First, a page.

“It was disappointing, but we were pleased we even got coverage. They just decided to pick and choose what they wanted to put in. They chopped up what I was saying or just put one little part in. That’s the way the media are.”

Jim Hughes, national president of CLC was twice contacted by Hiscox before the event to line up an interview. However, she failed to show up for it.

The London Free Press newspaper, perhaps responding to charges of bias from both sides of the abortion issue, printed a follow-up article by editor Paul Berton (son of the late pro-abortionist Pierre). He reported that the newspaper published an equal number of pro- and anti-Morgentaler letters to the editor, despite the fact that the antis were, as he called them, “more vocal.” The protest website said the newspaper received hundreds of letters critical of the Morgentaler honour and failed to print many of them.

Although some religious leaders, such as the Roman Catholic bishop of London, Ronald Fabbro, were supportive of the protest, Cooke cited as a disappointment the paucity of rank-and-file clergy present the day of the event.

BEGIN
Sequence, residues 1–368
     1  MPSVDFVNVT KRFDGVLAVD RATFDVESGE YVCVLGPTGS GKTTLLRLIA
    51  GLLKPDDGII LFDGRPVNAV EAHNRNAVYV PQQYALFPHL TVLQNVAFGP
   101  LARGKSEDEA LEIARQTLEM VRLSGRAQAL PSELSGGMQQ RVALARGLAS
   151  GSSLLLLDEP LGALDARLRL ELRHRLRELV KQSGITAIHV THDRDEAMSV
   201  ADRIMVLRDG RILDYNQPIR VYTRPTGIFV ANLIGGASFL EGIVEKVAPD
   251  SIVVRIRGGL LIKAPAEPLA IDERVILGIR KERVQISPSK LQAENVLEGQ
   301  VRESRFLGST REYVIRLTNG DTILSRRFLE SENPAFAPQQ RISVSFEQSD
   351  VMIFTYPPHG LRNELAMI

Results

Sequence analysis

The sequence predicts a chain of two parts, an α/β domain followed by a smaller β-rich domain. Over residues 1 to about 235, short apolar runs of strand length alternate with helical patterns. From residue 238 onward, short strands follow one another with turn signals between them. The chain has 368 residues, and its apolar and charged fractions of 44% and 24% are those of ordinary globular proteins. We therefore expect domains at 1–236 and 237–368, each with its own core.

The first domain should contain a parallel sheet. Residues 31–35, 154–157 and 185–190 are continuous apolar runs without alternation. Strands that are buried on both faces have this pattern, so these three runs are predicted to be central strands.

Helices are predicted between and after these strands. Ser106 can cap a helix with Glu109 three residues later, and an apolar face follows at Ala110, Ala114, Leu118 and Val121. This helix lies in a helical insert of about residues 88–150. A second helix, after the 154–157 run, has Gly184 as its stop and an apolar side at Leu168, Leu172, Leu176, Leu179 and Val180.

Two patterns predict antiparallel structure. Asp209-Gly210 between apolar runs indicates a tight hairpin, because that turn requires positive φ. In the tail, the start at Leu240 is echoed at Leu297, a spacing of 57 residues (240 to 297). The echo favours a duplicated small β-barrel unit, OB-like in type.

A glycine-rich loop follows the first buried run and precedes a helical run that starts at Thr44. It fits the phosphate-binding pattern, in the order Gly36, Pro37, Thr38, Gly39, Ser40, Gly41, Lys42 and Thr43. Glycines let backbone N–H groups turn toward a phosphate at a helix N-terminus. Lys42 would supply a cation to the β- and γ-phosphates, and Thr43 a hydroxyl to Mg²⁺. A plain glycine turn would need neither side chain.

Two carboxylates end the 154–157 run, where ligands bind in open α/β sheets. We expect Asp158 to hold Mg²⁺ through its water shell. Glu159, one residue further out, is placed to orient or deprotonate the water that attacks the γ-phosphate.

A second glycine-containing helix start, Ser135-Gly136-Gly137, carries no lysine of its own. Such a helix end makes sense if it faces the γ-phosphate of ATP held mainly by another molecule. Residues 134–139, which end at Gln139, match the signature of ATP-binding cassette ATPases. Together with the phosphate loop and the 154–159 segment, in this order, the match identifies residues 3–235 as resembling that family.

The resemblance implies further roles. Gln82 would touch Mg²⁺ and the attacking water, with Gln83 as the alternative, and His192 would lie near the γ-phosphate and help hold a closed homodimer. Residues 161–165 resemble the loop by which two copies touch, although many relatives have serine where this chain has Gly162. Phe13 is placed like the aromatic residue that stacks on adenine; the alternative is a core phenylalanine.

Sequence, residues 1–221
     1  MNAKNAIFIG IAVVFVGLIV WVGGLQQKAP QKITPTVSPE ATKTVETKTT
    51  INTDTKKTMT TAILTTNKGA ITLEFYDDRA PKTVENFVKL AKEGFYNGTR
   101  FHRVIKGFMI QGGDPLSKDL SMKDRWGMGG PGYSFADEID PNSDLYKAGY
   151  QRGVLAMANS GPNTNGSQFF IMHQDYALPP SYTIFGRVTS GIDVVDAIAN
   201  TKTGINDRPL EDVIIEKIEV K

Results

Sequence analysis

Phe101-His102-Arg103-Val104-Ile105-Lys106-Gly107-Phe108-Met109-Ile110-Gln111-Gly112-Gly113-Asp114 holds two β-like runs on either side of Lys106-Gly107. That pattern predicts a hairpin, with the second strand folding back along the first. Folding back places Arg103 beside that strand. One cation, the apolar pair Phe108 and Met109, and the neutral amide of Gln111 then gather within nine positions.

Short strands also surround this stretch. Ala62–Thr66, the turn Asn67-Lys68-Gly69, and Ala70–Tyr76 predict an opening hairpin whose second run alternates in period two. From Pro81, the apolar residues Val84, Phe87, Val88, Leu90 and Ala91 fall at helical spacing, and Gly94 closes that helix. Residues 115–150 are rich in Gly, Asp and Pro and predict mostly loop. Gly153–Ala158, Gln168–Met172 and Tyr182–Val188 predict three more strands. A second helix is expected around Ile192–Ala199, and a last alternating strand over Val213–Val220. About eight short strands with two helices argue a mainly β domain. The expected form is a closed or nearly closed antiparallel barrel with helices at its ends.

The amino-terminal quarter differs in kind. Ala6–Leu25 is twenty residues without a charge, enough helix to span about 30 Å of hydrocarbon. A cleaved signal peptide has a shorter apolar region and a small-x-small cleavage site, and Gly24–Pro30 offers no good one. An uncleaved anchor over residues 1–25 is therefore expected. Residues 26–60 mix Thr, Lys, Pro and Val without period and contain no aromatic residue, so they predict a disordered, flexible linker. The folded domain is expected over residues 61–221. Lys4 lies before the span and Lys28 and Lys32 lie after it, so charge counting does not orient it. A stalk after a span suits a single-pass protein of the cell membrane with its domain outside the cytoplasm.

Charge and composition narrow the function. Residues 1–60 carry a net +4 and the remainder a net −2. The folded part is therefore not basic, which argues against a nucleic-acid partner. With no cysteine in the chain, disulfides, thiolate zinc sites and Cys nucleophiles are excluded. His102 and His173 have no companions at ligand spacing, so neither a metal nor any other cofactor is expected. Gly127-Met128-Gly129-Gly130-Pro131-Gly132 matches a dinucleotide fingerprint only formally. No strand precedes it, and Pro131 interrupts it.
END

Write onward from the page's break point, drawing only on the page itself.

In other news, a Jewish scholar, Arnold Ages, has decried Morgentaler’s breach of logic, analogy and history, as the abortionist attempted to justify a right to abortion during his acceptance speech.

Ages, a distinguished emeritus professor at the University of Waterloo in Ontario and scholar-in-residence at the Beth Tzedec Synagogue in Toronto, said in a Jewish Tribune article that Morgentaler used “specious and dishonourable arguments” in suggesting that abortion has helped rid society of unwanted children.

“This venture, on the doctor’s part, into the disreputable field of eugenics smacks – with the obvious differences being recognized – of the Nazis’ euthanasia project, in which mentally disturbed children and adults were ‘disappeared’ by the authorities to create a healthier German population,” he said.

Ages also attacked Morgentaler’s use of the Holocaust to buttress a “bizarre” argument in favour of abortion. “Using the Holocaust to justify abortion is not merely fuzzy thinking, it approaches blasphemy,” he concluded.

South of the border, Steve Sailer, writing in The American Conservative magazine, recently dissected the theory that abortion lowers crime rates in an article entitled, “Pre-Emptive Executions?” He investigated whether the U.S. generation raised on legalized abortion grew up to be more lawful than the previous one and found that “the first cohort to survive legalized abortion went on the worst youth murder spree in American history.”

About two million Americans are now in jail, four times the number in 1972, Sailer also discovered. “There is at least as much evidence that legalizing abortion increased homicide,” he observed. “The sheer waste of it all is staggering. And the impact on the overall morality of our society of this Supreme Court-condoned carelessness over life is incalculable.”